Song of the Week: Dido Finds the Eye of the Storm in “Hurricanes”

The singer roots herself in 2018 with a seamlessly effective, quiet storm of a new single

Stream Dido Hurricanes new song
Photo by Simon Emmett

    Each week we break down our favorite song, highlight our honorable mentions, and wrap them all up with other staff recommendations into a playlist just for you. 

    “Hurricanes” marks Dido’s first release since 2013, and it’s clear the British singer-songwriter isn’t taking that wait lightly. Across its five-minute span, the song transitions seamlessly between soft-spoken folk, synthy pop, barren vocals, and back again. The common thread throughout is that it’s contemplative: The song’s very beat is even and thoughtful, which matches lyrics like, “I wanna wake up/ With your weight by my side” and “Let me face/ The sound and fury.”

    The song may sound soft, but its dreamy atmosphere houses within it a fortified core of robust emotion that gradually pushes beyond its initial confines and, by the very end, takes over the space of the music. Dido lays herself bare and picks herself up again, and each time she changes course, she does so with intention, gravitas, and grace. Her newest album, her fifth overall, is titled Still on My Mind and due for release on March 8th of next year, and “Hurricanes” offers a vital indication of what new styles and exploratory boundaries we might expect to find on the horizon.

    –Laura Dzubay
    Contributing Writer



    Kendrick Lamar, Mike WiLL Made-It, and Pharrell Williams – “The Mantra”

    “The Mantra” is a formidable addition to Creed II’s soundtrack, an atmospheric and melodic collaboration between rap giants Kendrick Lamar, Mike WiLL Made-It and Pharrell Williams that merges trap’s catchiness with a complex beat that supports every feature’s flow perfectly.  –Clara Scott

    Girlpool – “Hire

    Girlpool’s “Hire” is an easy listen that pulls its own weight while chock-full of twang and angst, a pure extension of the group’s youthful energy that calls back to the ’90s grit of groups like Pavement in its honesty and off-the-cuff delivery. –Clara Scott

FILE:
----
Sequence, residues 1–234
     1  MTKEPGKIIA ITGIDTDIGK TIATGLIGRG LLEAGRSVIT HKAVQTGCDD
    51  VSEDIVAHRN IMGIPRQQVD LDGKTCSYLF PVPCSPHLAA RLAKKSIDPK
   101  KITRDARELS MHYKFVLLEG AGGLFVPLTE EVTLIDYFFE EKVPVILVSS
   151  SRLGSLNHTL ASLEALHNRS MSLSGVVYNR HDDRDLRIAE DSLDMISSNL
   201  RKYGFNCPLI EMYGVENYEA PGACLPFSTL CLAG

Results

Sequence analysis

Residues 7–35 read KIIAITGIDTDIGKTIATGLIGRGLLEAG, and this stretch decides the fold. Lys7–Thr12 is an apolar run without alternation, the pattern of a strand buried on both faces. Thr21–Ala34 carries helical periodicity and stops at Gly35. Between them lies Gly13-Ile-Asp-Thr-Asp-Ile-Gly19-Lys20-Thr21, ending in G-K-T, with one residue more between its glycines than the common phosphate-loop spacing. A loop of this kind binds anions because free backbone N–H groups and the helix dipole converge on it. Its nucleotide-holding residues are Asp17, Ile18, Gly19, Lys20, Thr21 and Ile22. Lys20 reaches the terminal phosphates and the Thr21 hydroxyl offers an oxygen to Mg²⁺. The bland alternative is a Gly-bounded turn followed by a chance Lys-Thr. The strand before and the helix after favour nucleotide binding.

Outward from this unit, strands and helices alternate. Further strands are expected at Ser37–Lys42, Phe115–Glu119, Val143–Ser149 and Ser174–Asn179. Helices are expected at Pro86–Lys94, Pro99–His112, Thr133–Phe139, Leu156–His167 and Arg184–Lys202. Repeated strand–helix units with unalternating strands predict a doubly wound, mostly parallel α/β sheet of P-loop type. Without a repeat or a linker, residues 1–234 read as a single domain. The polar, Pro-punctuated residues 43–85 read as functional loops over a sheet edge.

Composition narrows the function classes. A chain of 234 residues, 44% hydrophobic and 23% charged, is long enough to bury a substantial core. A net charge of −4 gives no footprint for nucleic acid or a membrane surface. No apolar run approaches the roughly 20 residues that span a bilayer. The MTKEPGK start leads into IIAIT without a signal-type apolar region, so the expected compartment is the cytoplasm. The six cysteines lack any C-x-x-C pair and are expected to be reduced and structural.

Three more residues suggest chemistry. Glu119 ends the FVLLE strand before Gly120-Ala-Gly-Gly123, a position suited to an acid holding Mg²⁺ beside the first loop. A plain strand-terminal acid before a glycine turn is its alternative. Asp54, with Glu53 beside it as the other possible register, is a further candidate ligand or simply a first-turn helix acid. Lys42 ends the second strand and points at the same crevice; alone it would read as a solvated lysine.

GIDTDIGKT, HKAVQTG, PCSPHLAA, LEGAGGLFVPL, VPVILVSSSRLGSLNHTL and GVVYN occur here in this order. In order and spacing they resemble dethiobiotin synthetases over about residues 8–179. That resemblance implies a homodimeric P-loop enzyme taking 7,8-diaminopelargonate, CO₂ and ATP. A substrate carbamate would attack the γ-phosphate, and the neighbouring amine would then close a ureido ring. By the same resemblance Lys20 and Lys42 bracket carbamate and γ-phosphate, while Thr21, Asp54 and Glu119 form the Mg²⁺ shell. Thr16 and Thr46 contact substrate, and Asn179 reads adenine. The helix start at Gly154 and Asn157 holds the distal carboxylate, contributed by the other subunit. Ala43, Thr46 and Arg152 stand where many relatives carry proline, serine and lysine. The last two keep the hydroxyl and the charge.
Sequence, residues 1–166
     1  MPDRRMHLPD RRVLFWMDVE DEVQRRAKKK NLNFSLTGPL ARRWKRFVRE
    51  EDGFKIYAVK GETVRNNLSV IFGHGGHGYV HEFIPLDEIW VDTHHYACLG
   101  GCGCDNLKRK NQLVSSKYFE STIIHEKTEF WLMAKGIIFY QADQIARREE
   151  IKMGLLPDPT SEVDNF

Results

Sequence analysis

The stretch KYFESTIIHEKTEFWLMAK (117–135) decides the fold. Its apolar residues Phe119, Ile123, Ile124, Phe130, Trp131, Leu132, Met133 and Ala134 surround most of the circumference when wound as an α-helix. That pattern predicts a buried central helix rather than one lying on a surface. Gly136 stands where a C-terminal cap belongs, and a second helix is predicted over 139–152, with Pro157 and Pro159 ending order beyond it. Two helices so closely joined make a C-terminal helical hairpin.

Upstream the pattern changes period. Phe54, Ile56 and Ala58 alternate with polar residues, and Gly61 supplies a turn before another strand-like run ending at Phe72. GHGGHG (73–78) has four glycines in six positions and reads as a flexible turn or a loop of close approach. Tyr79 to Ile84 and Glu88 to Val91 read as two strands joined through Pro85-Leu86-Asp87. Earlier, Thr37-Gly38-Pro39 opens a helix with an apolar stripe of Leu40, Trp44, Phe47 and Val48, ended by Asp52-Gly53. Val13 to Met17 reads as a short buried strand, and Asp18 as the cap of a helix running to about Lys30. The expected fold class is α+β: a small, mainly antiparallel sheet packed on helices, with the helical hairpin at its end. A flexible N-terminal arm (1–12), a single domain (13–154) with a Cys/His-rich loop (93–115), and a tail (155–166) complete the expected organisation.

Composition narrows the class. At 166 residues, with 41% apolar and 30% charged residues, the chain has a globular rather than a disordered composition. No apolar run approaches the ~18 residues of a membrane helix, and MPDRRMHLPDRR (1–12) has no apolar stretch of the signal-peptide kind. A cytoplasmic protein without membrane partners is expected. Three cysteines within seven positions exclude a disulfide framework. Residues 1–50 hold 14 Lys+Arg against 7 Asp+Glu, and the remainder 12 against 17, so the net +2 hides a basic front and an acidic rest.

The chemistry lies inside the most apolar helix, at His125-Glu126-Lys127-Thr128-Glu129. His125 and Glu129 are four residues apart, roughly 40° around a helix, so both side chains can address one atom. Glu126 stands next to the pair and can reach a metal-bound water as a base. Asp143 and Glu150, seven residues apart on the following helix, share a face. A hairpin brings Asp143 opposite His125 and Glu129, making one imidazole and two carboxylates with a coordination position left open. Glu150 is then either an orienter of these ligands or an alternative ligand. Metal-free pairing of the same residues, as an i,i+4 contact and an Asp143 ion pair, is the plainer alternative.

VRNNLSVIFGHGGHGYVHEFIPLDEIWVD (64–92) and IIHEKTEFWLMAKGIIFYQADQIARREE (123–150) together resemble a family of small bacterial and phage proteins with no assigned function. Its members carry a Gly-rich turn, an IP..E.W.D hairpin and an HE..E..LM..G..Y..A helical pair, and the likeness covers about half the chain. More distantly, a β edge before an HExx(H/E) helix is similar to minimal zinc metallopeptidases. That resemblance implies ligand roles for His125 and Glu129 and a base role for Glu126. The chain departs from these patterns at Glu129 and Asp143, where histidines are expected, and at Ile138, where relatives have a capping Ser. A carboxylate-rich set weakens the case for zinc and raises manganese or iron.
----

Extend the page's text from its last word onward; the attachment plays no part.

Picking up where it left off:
SABA feat. Xavier Omär and Mick Jenkins – “Stay Right Here”

    Two of rap’s brightest new stars collaborate to create a fascinating new track in SABA and Mick Jenkins’ “Stay Right Here” — both artists show their untethered talent in a feel-good celebration of love and family that features singer Xavier Omär to round out the groovy single. –Clara Scott


    Sufjan Stevens – “Lonely Man of Winter

    Only two people could make Christmas melancholy: Joni Mitchell, who has already, and of course, the king of sad himself, Sufjan Stevens; Steven’s new single, “Lonely Man of Winter”, proves this, its delicate melodies intertwined with guitar to paint a winter landscape in the listener’s mind. –Clara Scott

    Anderson .Paak – “Who R U?”

    Anderson .Paak’s upcoming album, Oxnard, is sure to be a hit and a masterpiece, and singles like “Who R U?”, a collaboration with Kendrick Lamar, amplify .Paak’s signature sassy flow through the prism of a tight beat and support from Lamar. –Clara Scott


    Superchunk – “Our Work Is Done”

    “Our Work Is Done” is a classic Superchunk song for this decade, offering the group’s characteristic brashness to a new audience with the same tongue-in-cheek intensity that made them an alt-rock mainstay in the first place. –Clara Scott


    Panda Bear – “Dolphin”

    “Dolphin” could not be more appropriately named; the song sounds submerged in coolness and poetically contemplative, and the water-like blips that earmark the beat from start to finish are catchy and clever at the same time. –Laura Dzubay

    Sade – “The Big Unknown”

    Sade’s voice is the engine powering “The Big Unknown”; clear and crisp as a siren’s song, she guides the listener onto a “bitter plane,” a “deep below,” before arriving deftly at the song’s conclusion and delivering to her audience the “humble seed” of hope at the song’s core. –Laura Dzubay

    Methyl Ethel – “Real Tight”

    Methyl Ethel’s “Real Tight” is a love letter to synth’s rebirth, a song that listeners can sing and clap along to even though, at the end of the day, it’s really about being tired and vulnerable, a joyful look into the happiness of exhaustion with the one you love. –Clara Scott